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In Denmark generic red viagra 200mg free shipping, the government can access farm-specifc data more freely discount red viagra 200mg overnight delivery, but the public must make a special request to access it 200mg red viagra with mastercard. Data Collection The following recommendations encompass a discussion of the essential data that should be collected (See Box D), potential sources of data, as well as options for metrics that synthesize the available data and allow for comparisons of antibiotic use. However, the agency has no system in place to collect ongoing and comprehensive use data, nor does it have any stated intention to build such a system. Development of unifed data collection systems in Denmark and the Netherland has been critical to their success in reducing antibiotic use (over baseline levels) by 47% and 64%, respectively. That system should be mandatory, not voluntary, and should be comprehensive enough to encompass certain essential data. Data Collection Efforts to Denmark and the Netherlands The limited data on antibiotic use in U. Both countries have robust, proftable meat and poultry industries where they raise animals in intensive, industrial-style operations not unlike those in the U. Both have adopted policy and practice changes that have helped to signifcantly curtail unnecessary antibiotic use in food animal production. In each country, the changes include improved monitoring of antibiotics sold and used in food-producing animals as well as surveillance to identify patterns of resistance in people, retail meat and in food-producing animals. Antibiotic sales, use and surveillance information for each country also are integrated into a 123,124 single annual report. The enhanced systems for collecting and integrating data in the two countries have informed additional policy interventions over time by identifying areas in need of improvement. They also have made it possible to benchmark how well veterinarians and/or farms use antibiotics relative to their peers. These systems have been crucial in enabling the countries to reach their antibiotic use goals and reduction targets as well as keep antibiotic resistance in animal populations at low levels. Denmark Responding to public concern about levels of antibiotic use in food-producing animals, and possible impacts on human health, Denmark began taking a series of important steps in 1995, including improving data collection. Later that year, industry and government together set a goal for reducing antibiotic use by 50% within fve years. Certain minimum data are essential to capture a meaningful picture of how and why antibiotics are being used in animal agriculture. Ideally, the following additional information also would be collected to provide a more complete understanding of use and resistance patterns: Dose of the antibiotic administered; Production class (dairy cattle vs. Until a better system is put into place to collect more data States and private actors in the U. For example, Californias efforts to eliminate unnecessary and inappropriate law addressing antibiotic use in livestock includes a use, as well as to allow for comparisons with other requirement to monitor antibiotic sales and usage. This measures the could collect and report use information to amount of antibiotics sold per amount of livestock the public, as they do in the Netherlands. The longer-term goal should be to transition marketers and buyers also can help increase to use of an animal defned daily dose metric, a drug transparency by requiring suppliers either to report and animal species-specifc measure that requires the antibiotic use to them directly, or to participate in collection of additional data. Enhancing Surveillance and Data Integration to Inform Antibiotic Use Policy The previous section described three streams of data currently being collected in the U. Individually, each data stream provides some meaningful information, but the usefulness of the data is shortchanged by a failure to combine the different data streams into an integrated analysis to provide a more comprehensive picture of antibiotic use in food-producing animals. In addition, there is a lack of uniformity between agencies in terms of which indicator species they monitor (see Table 4). And now There are two key reasons to sequence the genes colistin-resistant bacteria, likely enriched by overuse of bacteria such as E. Second, these bacteria Enhancing Surveillance and Data are more commonly found in livestock and other Integration environments so resistance trends are more easily monitored in these bacteria. Reports from both countries also contain additional information such as yearly Finally, transmissible plasmids have been discovered livestock/production data (such as that available recently on U. When genes that are resistant to both of these medicines eventually land on the same plasmid, and Recommendation No. Later detection, on the other hand, may least eight are bacteria that have been detected both result in being able to recognize that a problem in U. We therefore recommend livestock associated antibiotic-resistant bacteria the following specifc expansions: have been found to colonize the nasal passages of swine and poultry workers, and also can cause skin 11a. Expand surveillance for emerging resistance and soft tissue infections in workers, as well as other using next generation sequencing technology. These sequencing efforts should be transmitted from food-producing animals/retail be expanded to a wider array of bacteria, including meat to people have been characterized by several E. The agencies should set up a publicly accessible database or make use of existing databases for the timely release of genome sequencing data. Beyond the federal level, state veterinary laboratories have an important role to play in improved surveillance by publicly reporting on resistance found among food producing animals. For example, in 2016, the MinnesotaVeterinary Diagnostic Laboratory published fndings on resistance in Salmonella from clinical samples from 2006 to 2015 in swine and cattle. Conclusion 35 Conclusion Antibiotic resistance is an urgent public health threat that demands immediate action. Drug-resistant infections are on the rise, making antibiotics less effective and putting routine and common and life-saving procedures in jeopardy. Antibiotic resistance is changing the practice of modern medicine by compromising our ability to treat sick people and animals. It is estimated that by 2050 a person will die every three seconds from a drug- resistant infection and $100 trillion in global economic productivity will have been lost. However, this report focuses specifcally on antibiotic use in food-producing animals because 70% of medically important antibiotics sold in the U. This Commission wants to keep the existing arsenal of antibiotics effective for as long as possible. Our recommendations are steps that will help ensure that on-farm use of medically important antibiotics is monitored and reduced, and that there will be adequate surveillance of the development and spread of antibiotic resistant bacteria. Success, we believe, depends on leadership that builds on approaches that have proven successful elsewhere. While state and federal policymakers have important roles to play, action is need from all stakeholders. Health professionals and hospitals, as well as food companies and other major meat and poultry purchasers also have key roles to play. Steps must be taken today to help ensure that our existing supply of antibiotics stay as effective as possible, now and for future generations. Centers for Disease Control and Prevention Journal of Pharmacology & Pharmacotherapeutics. New England Journal Environmental Health, The Committee on Infectious of Medicine.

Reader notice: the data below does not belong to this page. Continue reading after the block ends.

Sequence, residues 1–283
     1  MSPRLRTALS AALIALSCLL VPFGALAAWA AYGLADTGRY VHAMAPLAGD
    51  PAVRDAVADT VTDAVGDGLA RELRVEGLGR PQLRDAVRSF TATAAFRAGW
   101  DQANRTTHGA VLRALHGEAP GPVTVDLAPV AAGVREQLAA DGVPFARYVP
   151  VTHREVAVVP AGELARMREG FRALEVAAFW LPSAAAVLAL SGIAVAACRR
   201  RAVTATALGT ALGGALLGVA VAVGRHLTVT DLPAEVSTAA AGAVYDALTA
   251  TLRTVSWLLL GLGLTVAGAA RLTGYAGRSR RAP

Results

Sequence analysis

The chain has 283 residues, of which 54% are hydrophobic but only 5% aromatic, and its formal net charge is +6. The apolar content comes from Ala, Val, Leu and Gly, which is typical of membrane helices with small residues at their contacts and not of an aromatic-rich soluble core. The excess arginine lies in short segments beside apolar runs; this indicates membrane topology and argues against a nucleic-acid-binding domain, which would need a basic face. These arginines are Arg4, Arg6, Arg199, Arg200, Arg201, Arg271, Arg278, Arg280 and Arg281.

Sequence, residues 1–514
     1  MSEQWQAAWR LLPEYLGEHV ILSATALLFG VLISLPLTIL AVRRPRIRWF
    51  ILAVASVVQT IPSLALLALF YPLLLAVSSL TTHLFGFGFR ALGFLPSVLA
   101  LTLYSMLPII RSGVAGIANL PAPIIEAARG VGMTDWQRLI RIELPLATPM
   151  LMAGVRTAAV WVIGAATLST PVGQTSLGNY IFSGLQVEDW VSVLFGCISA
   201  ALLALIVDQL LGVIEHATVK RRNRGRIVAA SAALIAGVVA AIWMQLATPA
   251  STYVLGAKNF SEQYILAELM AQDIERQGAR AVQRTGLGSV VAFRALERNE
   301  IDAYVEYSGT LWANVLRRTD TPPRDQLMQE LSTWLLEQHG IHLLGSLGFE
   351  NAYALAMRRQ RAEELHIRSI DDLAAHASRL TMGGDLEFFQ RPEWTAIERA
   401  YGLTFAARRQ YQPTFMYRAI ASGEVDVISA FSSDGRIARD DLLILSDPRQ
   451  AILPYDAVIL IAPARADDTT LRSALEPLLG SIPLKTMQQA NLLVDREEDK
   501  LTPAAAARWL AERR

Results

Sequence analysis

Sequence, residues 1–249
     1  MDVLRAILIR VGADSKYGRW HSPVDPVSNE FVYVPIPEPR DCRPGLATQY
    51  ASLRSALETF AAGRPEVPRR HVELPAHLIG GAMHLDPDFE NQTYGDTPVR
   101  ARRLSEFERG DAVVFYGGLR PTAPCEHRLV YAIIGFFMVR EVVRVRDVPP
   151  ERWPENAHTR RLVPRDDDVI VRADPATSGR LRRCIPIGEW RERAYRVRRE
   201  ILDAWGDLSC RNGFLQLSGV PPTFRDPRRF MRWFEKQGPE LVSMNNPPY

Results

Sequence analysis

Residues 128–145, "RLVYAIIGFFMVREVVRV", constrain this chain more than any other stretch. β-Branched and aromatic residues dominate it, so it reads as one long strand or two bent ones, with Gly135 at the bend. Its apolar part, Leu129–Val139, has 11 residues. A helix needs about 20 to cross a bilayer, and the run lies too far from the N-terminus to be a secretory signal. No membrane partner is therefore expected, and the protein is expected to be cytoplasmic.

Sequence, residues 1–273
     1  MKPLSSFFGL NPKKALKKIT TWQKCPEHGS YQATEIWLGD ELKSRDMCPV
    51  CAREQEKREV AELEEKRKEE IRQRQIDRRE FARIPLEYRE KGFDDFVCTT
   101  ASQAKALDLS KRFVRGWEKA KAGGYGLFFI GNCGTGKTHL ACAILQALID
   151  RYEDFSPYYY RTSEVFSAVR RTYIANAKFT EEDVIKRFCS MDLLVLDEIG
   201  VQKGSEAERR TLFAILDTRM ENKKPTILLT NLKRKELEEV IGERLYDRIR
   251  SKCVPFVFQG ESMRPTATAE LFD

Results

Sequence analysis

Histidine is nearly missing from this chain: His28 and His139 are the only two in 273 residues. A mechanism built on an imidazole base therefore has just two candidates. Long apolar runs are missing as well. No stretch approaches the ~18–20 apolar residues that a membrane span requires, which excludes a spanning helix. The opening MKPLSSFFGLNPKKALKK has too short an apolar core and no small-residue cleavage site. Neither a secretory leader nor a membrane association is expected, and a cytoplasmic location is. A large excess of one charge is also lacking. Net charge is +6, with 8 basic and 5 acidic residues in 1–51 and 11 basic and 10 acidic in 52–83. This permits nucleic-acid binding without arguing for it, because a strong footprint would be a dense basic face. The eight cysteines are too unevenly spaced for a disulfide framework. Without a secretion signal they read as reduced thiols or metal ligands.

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Urine should be sent for microscopy and culture buy cheap red viagra 200 mg online, ur- gently if infection is suspected buy cheap red viagra 200mg. Therefore purchase 200mg red viagra free shipping, if there is doubt, one of the ing is needed, to avoid hypotension or prerenal failure following may be required: during this phase. This is very useful, par- ticularlyinacuteobstructionbeforethereisdilatation, Pelviureteric junction obstruction as it shows contrast held up by the obstruction and (idiopathic hydronephrosis) may show the lesion as a space-lling defect such as a radio-lucent stone or a papilla. Aetiology/pathophysiology r As part of the management percutaneous nephros- The cause is unknown. The mechanism of development of which may be exacerbated by drinking large amounts myeloma kidney is via a direct toxic effect on re- of uid, for example it may become symptomatic for nal tubular cells and blockage of the tubules and col- the rst time in students who drink large quantities of lecting ducts by the paraprotein. Occasionallythe may develop amyloidosis and renal tubular acidosis as hydronephrosis is so marked that it can mimic ascites. In some cases, it is asymptomatic and diagnosed in- r Amyloidosis: This condition may be systemic or con- cidentally when an ultrasound is performed for another ned to the kidneys and is an important cause of reason. Itcancauseproteinuria,nephrotic trasound scan, or in childhood during investigation of syndrome and renal failure. There is delayed passage of glomerulonephritis from minimal change disease, to contrast, which is not overcome by administration of membranous nephropathy, to proliferative glomeru- diuretics. Early treatment with immunosup- pression regimes such as plasmapheresis, high dose Prognosis steroids and cyclophosphamide can improve renal It is not possible to predict how much function will re- function. Thrombotic thrombocytopenic purpura haemolytic uraemic The kidney in sytemic disease syndrome r Hypertension: See page 73. This causes a focal segmen- toxin (also called Shiga toxin) produced by Escherichia tal glomerulonephritis. Some This has markedly improved with the advent of plasma develop proteinuria later in life due to progressive exchange. Chronic renal failure occurs in a substantial glomerulosclerosis, occasionally leading to renal fail- number of patients. However, the prognosis for these patients is ex- cellent with no reduction in life expectancy. Congenital disorders of the kidney Renal hypoplasia r Simple renal hypoplasia is when the kidney is smaller Congenital malformations of the than normal, but the structure and histology of the kidney kidney is normal, although the nephrons may be Denition slightly small. Congenital malformations of the kidney are not uncom- r Oligonephronic renal hypoplasia (also called oligo- monly found on antenatal screening and in newborns. The prog- and the risk is higher in those with a previous family nosis is poor for these patients, although there may history. Chromosomal abnormalities account for a pro- be some initial improvement in renal function over portion, but most are sporadic. The fetal kidneys develop when the ureteric bud comes into contact with the metanephric blastema caudally Dysplasia (failure of differentiation) (in the pelvic area), signalling it to form nephrons The kidney develops abnormally with primitive tubules and the collecting system. By 1416 weeks, most r Horseshoe kidney the kidneys remain fused at of the amniotic uid consists of fetal urine. Then the the upper (10%) or lower (90%) poles to form a kidneys have to migrate rostrally, to lie in the lumbar horseshoe-shapedstructure. These anatomical abnormalities may be symptomless, r Bilateral agenesis is rare and incompatible with life. In pregnancy, low pelvic kidneys can interfere Disorders of the bladder with labour. Age r Atresia: Failure of the ureteric bud to canalise, associ- Increases with age ated with renal dysplasia. An ectopic M > F ureter often arises from a duplex kidney, which may be associated with vesicoureteric reux. The causes of bladder outow obstruction are shown in Surgical re-implantation of the ureter may be indi- Table 6. Overtime,theblad- Benign prostatic hyperplasia der distends, then the ureters (causing hydroureters) and Denition nally the renal pelvises. Often there may be an un- Hyperplasiaoftheprostateisacommoncauseof bladder derlying chronic obstruction for example an enlarged outow obstruction. Clinical features The symptoms depend on the speed of onset and degree Age of obstruction. Acute obstruction (acute urinary retention) causes se- vere discomfort, due to a wish to void urine, without Sex the ability to do so. There is complete anuria, although there may be small amounts of urine voided due to overow in- Aetiology continence. However, polyuria and/or nocturia may Pathophysiology be symptoms of the loss of concentrating ability of the Androgens appear to act on the periurethral area of the tubules, which can occur in long-standing obstruc- prostate McNeals transition zone to stimulate hyper- tion. At 3040 years there is microscopic evidence, by 50 years it Macroscopy is macroscopically visible, by 60 years the clinical phase Dilation above the obstruction. The obstruction is due to both direct impingement Complications of the enlarged prostate on the urethra and also the dy- As aresultofchronicobstruction,thebladderdilatesand namic smooth muscle contraction of the prostate, pro- fails to empty fully, dened as >50 mL residual urine static capsule and bladder neck. Nodules Management formedofhyperplasticglandularacinidisplaceandcom- Relief of the obstruction is usually by insertion of a uri- press the true prostatic glands peripherally forming a nary catheter, followed by treatment of the underlying false capsule. It seems to be more effec- Benign epithelial proliferation with large acini, smooth tive in those with very large prostates and its effects muscleandbroblastproliferation. The procedure involves removal Complications of prostatic tissue using electrocautery via a resecto- Bladder decompensation due to chronically increased scope from within the prostatic urethra, under general residualvolumes(urineretainedaftervoiding),theblad- or spinal anaethesia. Post-operatively patients require der may become less contractile, lowering ow rates fur- a three-way catheter and continuous bladder irrigation ther. Obstruction may lead to dilated ureters and kid- to reduce the risk of clot retention until haematuria is ney(hydroureter,andhydronephrosis). Investigations Antibiotic prophylaxis is usually given to prevent Itisimportanttoexcludeothercausesof bladderoutow urinary tract infection. Between10and15mL/second,combined bladder neck contracture or urethral stricture requir- pressure/ow studies may be done to exclude those ing surgery or dilatation, incontinence. The disad- Other options (not widely available) include: vantage of the latter, is that urinary catheterisation is r Stent which is cost-effective in those with a short required. Denition r Finasteride is a 5 alpha reductase inhibitor which in- Urinary incontinence is the involuntary loss of urine hibits the conversion of testosterone to dihydrotestos- from the urethra. It is also useful, but generally less effective for and functional impact on the individual. This is mainly due to detrusor instability/over- 30% of women <65 years but only up to 5% of men <65 activity. Rates are much higher in certain settings such as care of r Overow incontinence is continual or unprecipitated the elderly institutions (up to 45%) and psychiatric care leakage without urge. Bladder outow obstruction may lead Age to overow incontinence due to bladder decompen- Increases with age. Rare causes include spinal cord compression affecting the sacral segments (S2, 3 and 4) or the conus medullaris. F > M Acomprehensive examination is important and can avoid the need for specialist tests.

By Y. Navaras. Oregon Institute of Technology.